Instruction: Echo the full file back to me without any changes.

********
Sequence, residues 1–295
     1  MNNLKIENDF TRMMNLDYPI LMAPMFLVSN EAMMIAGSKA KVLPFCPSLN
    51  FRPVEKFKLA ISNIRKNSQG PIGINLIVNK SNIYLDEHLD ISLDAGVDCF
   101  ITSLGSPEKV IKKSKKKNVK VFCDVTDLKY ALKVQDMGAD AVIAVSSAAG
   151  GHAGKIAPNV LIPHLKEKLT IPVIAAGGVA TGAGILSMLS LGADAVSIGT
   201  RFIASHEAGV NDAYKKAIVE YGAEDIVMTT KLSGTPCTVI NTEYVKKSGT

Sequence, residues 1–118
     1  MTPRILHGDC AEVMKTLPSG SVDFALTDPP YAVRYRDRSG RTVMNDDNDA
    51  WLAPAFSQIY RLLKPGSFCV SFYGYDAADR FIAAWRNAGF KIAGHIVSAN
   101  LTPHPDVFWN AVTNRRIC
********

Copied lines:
Sequence, residues 1–295
     1  MNNLKIENDF TRMMNLDYPI LMAPMFLVSN EAMMIAGSKA KVLPFCPSLN
    51  FRPVEKFKLA ISNIRKNSQG PIGINLIVNK SNIYLDEHLD ISLDAGVDCF
   101  ITSLGSPEKV IKKSKKKNVK VFCDVTDLKY ALKVQDMGAD AVIAVSSAAG
   151  GHAGKIAPNV LIPHLKEKLT IPVIAAGGVA TGAGILSMLS LGADAVSIGT
   201  RFIASHEAGV NDAYKKAIVE YGAEDIVMTT KLSGTPCTVI NTEYVKKSGT

Sequence, residues 1–118
     1  MTPRILHGDC AEVMKTLPSG SVDFALTDPP YAVRYRDRSG RTVMNDDNDA
    51  WLAPAFSQIY RLLKPGSFCV SFYGYDAADR FIAAWRNAGF KIAGHIVSAN
   101  LTPHPDVFWN AVTNRRIC